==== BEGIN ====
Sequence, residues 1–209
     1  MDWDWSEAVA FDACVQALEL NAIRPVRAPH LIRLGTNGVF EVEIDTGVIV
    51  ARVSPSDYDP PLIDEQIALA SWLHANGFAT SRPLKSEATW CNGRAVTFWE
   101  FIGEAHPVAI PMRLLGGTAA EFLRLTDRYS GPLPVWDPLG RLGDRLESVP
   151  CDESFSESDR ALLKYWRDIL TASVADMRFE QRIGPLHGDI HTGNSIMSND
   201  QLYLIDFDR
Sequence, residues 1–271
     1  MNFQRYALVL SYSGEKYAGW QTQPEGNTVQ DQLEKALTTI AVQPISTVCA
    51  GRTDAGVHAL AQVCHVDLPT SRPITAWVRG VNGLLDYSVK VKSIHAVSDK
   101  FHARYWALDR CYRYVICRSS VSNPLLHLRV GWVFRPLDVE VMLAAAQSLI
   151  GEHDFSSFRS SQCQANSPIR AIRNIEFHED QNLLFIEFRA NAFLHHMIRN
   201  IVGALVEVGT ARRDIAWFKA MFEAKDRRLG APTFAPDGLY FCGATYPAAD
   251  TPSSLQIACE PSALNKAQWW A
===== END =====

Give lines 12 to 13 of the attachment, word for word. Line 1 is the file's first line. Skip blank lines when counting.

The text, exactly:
   201  IVGALVEVGT ARRDIAWFKA MFEAKDRRLG APTFAPDGLY FCGATYPAAD
   251  TPSSLQIACE PSALNKAQWW A